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Security Tip (ST04-004)

Understanding Firewalls

Original release date: June 17, 2009 | Last revised: June 05, 2015

When anyone or anything can access your computer at any time, your computer is more susceptible to being attacked. You can restrict outside access to your computer and the information on it with a firewall.

What do firewalls do?

Firewalls provide protection against outside attackers by shielding your computer or network from malicious or unnecessary network traffic and preventing malicious software from accessing the network. Firewalls can be configured to block data from certain locations or applications while allowing relevant and necessary data through. (See Understanding Denial-of-Service Attacks and Understanding Hidden Threats: Rootkits and Botnets for more information.)

What type of firewall is best?

There are various types of firewalls with differences in where they are located and what types of activity they control. Firewalls may be broadly categorized as hardware or software. While both have their advantages and disadvantages, the decision to use a firewall is far more important than deciding which type you use.

  • Hardware – Typically called network firewalls, these external devices are positioned between your computer and the Internet (or other network connection). Many vendors and some Internet service providers (ISPs) offer integrated small office / home office (SOHO) routers that also include firewall features. Hardware-based firewalls are particularly useful for protecting multiple computers and control the network activity that attempts to pass through them. The advantage of hardware-based firewalls is that they are separate devices running their own operating systems, so they provide an additional line of defense against attacks when compared to system or host-level protections.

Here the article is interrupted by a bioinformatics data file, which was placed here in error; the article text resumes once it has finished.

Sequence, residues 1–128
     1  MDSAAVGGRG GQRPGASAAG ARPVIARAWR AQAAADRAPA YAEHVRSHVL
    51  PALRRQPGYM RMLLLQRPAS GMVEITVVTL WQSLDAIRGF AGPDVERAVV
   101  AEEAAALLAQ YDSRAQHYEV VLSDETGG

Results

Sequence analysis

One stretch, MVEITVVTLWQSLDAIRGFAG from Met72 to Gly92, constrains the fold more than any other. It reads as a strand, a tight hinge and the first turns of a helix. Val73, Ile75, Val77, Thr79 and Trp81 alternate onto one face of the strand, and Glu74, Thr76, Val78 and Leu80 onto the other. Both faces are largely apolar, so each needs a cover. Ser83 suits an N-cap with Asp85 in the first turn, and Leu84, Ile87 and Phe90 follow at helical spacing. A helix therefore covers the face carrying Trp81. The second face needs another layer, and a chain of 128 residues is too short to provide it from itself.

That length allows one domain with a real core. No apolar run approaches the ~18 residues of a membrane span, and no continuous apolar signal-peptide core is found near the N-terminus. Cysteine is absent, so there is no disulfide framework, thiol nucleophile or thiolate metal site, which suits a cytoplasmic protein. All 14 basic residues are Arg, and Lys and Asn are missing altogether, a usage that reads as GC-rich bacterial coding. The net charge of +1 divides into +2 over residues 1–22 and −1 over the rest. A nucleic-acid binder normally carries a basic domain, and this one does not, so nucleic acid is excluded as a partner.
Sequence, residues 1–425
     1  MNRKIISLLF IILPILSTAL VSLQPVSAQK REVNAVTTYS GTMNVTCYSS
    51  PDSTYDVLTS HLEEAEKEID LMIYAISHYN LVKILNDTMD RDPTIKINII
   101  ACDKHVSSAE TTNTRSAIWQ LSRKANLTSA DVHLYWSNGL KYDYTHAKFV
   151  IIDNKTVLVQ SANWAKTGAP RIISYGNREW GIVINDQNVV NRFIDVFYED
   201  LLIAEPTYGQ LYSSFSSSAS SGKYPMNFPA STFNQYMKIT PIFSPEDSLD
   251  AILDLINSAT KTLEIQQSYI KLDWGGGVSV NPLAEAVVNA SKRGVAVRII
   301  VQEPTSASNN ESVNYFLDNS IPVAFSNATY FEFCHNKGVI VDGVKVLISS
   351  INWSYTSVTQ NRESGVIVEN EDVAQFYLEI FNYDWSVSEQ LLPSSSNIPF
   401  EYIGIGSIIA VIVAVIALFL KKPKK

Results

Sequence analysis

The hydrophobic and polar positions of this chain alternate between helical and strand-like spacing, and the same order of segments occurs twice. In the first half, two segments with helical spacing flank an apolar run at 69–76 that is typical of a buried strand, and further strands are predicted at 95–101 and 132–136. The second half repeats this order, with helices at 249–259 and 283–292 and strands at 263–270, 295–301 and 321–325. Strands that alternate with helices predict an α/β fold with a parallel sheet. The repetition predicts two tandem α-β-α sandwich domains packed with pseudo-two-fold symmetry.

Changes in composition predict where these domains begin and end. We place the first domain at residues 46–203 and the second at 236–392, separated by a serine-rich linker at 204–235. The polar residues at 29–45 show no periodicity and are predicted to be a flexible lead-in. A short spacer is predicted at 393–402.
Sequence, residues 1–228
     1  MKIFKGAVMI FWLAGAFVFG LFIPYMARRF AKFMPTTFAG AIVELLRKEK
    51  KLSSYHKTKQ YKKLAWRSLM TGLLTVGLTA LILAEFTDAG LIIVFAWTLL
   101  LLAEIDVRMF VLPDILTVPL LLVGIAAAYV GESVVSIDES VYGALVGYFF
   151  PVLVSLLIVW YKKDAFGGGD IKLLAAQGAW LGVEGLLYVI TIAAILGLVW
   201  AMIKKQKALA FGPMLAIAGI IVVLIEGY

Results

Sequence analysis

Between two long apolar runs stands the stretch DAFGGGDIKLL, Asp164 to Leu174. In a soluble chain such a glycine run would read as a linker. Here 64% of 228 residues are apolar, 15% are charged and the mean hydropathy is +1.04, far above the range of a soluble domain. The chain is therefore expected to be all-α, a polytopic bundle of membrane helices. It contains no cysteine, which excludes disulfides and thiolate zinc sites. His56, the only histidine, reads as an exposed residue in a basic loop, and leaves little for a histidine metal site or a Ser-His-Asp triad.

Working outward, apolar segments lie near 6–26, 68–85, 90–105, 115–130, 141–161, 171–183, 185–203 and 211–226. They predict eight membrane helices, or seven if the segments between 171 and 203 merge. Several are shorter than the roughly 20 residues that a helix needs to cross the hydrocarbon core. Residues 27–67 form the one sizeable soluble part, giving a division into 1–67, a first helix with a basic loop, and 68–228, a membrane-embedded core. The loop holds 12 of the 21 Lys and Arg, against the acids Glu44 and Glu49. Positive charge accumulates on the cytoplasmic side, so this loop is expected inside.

• Software – Most operating systems include a built-in firewall feature that should be enabled for added protection even if you have an external firewall. Firewall software can also be obtained as separate software from your local computer store, software vendor, or ISP. If you download firewall software from the Internet, make sure it is from a reputable source (i.e., an established software vendor or service provider) and offered via a secure site. (See Understanding Web Site Certificates for more information.) The advantage of software firewalls is their ability to control the specific network behavior of individual applications on a system. Relying on a software firewall alone does provide some protection. However, realize that having the firewall on the same computer as the information you’re trying to protect may hinder the firewall’s ability to detect and stop malicious activity. This is especially true if your computer is already compromised by malware.

How do you know what configuration settings to apply?

Most commercially available firewall products, both hardware- and software-based, come pre-configured and ready to use. Since each firewall is different, you’ll need to read and understand the documentation that comes with it to determine whether the default settings on your firewall are sufficient for your needs. Additional assistance may be available from your firewall vendor or your ISP. Also, alerts about current malicious activity (such as US-CERT’s Cyber Security Alerts) sometimes include information about restrictions you can implement through your firewall.

Unfortunately, while properly configured firewalls may be effective at blocking some attacks, don’t be lulled into a false sense of security. Firewalls do not guarantee that your computer will not be attacked. Firewalls primarily help protect against malicious traffic, not against malicious programs (malware), and may not protect you if you accidentally install malware on your computer. However, using a firewall in conjunction with other protective measures (such as anti-virus software and safe computing practices) will strengthen your resistance to attacks. (See Understanding Anti-Virus Software and other security tips for more information.)

Both the National Cyber Security Alliance and US-CERT have identified this topic as one of the top tips for home users.


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